Frequently Asked Questions


What Causes Pain?

In the simplest case, something dangerous — heat from the stove, the cut of a knife, electricity from an outlet, an object colliding with your toe — damages or threatens to damage tissue in your body.

Pain receptors, called nocioceptors, send signals to your brain via your spinal column telling you of the danger so you can take measures to protect yourself or prevent further injury. This type of pain, called nocioceptive pain, is the most common. It is experienced with muscle or bone injuries, surgery, or pressure from an infection or condition like cancer. It can be experienced as sharp, dull or aching, in a large or small area, and generally goes away as the damage to your body heals.

Nocioceptive pain can last for months or years when damaged tissues cannot heal, and chronic inflammation may be involved. Arthritis, some kinds of neck and back pain, osteoporosis pain, some kinds of cancer pain, and many other types of chronic pain are nocioceptive.

Another type of pain is caused by injured nerves, or other changes in the nervous system, and is called neuropathic pain. The disturbed nervous system sends pain signals to the brain even when there is no other ongoing tissue damage. Neuropathic pain is often experienced as tingling, aching, or burning and can last for months or years. One example of this type of pain is phantom limb pain, when a person who has had an arm or leg removed still experiences pain as if it were coming from the missing limb. Other types of neuropathic pain include trigeminal neuralgia, peripheral neuropathy, postherpetic neuralgia, and complex regional pain syndrome (CRPS).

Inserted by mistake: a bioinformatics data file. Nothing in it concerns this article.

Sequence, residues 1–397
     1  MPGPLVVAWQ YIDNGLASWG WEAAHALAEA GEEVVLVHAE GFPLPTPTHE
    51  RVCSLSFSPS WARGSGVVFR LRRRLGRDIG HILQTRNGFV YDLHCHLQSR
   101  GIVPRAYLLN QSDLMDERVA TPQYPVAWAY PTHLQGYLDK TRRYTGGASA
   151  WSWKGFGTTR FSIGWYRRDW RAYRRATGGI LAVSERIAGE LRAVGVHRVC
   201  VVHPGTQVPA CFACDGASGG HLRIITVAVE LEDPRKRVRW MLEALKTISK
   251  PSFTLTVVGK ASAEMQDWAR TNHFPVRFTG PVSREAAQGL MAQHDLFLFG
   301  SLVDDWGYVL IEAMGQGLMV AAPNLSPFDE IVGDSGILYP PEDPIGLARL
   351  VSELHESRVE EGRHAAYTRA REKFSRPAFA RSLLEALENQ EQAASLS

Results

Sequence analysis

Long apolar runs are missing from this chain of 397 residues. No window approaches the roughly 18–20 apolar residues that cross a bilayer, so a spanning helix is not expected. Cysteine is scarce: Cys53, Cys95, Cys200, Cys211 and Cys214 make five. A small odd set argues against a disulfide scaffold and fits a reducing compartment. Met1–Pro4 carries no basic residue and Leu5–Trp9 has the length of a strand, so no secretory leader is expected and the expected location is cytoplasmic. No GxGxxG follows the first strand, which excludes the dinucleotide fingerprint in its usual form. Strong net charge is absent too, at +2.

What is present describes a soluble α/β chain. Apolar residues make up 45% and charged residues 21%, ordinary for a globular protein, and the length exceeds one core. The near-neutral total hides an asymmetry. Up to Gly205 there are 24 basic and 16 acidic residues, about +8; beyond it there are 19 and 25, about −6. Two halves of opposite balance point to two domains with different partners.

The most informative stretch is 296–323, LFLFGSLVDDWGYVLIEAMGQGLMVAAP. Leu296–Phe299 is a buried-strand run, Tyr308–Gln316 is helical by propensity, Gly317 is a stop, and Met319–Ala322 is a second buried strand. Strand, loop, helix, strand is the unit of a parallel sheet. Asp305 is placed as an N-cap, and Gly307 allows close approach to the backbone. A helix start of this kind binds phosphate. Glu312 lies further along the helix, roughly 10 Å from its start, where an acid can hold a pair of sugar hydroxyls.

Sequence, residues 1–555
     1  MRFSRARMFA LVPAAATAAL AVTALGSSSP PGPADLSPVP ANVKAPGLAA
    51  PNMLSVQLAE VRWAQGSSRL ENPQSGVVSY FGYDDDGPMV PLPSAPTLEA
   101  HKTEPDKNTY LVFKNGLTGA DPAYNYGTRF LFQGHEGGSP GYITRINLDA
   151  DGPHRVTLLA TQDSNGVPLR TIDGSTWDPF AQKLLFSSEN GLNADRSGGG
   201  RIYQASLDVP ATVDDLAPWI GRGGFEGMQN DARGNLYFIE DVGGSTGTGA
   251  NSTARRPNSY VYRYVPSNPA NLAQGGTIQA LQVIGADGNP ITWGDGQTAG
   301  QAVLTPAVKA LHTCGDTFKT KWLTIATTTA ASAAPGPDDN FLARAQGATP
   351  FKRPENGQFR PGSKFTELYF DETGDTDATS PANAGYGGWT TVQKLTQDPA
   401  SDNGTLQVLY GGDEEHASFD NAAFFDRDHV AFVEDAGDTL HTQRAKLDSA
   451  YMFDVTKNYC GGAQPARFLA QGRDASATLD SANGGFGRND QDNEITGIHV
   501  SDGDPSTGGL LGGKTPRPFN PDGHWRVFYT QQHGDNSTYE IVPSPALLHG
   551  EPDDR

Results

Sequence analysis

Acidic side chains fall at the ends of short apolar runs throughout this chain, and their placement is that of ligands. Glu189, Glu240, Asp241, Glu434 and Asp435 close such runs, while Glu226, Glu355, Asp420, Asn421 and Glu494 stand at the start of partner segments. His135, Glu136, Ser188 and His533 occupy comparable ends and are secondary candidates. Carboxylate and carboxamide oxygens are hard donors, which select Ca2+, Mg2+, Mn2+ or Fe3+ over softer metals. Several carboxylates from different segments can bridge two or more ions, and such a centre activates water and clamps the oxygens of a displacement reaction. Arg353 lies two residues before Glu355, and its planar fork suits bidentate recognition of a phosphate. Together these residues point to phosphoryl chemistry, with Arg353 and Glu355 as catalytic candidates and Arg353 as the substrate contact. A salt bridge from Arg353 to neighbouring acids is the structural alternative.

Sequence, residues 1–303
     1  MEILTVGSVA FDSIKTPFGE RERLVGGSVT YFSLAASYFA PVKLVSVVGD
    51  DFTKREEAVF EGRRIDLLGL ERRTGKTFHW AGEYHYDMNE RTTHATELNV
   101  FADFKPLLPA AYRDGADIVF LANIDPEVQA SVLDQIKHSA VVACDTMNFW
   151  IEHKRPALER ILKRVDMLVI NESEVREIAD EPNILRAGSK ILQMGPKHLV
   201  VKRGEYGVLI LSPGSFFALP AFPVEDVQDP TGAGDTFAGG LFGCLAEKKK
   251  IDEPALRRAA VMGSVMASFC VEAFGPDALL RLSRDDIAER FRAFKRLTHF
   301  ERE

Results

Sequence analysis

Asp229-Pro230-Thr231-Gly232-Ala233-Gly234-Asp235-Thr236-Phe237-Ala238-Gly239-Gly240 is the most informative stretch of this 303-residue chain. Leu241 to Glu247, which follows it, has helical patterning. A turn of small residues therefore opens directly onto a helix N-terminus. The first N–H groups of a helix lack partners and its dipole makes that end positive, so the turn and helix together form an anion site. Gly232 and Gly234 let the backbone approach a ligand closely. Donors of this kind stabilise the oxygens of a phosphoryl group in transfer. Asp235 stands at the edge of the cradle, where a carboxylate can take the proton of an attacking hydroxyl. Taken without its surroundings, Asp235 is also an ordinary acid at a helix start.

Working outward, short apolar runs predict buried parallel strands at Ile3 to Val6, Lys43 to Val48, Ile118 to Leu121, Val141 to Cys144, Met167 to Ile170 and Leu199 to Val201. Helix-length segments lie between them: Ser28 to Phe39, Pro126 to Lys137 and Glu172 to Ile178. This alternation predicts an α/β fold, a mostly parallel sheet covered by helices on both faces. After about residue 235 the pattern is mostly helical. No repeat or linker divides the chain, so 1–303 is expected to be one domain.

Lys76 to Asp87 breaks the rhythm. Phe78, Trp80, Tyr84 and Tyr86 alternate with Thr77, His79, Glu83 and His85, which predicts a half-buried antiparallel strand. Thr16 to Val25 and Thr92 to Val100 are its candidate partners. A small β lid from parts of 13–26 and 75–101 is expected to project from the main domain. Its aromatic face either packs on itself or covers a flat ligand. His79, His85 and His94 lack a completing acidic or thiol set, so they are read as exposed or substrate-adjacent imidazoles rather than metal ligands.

Some patients have chronic pain, and doctors cannot pinpoint the source. Often, it is best to refer to this pain as idiopathic — which means that the cause is unknown.

All types of pain are subjective and can be measured and reported only by the person experiencing it. All types of pain are real and can be treated. Many factors influence the experience of pain, including the mechanisms in the body that are sustaining the pain, the meaning of the pain, and psychological factors, such as individual coping styles and emotional support.

Can Pain Be Treated?

Yes. Pain can be treated safely and effectively. There are many types of treatments for pain, including medication and non-drug treatments. It is important to treat pain. Unrelieved pain brings unnecessary suffering. Living with pain uses up a lot of energy that can be better used to fight illness or maintain activities of daily living. Pain may cause patients to:

  • Feel weak because of disruptions in activity, appetite, and sleep
  • Give up hope
  • Reject treatment programs
  • Feel helpless, anxious, and depressed
  • Think about suicide
  • Stop enjoying normal activities, such as work, recreation, and relations with others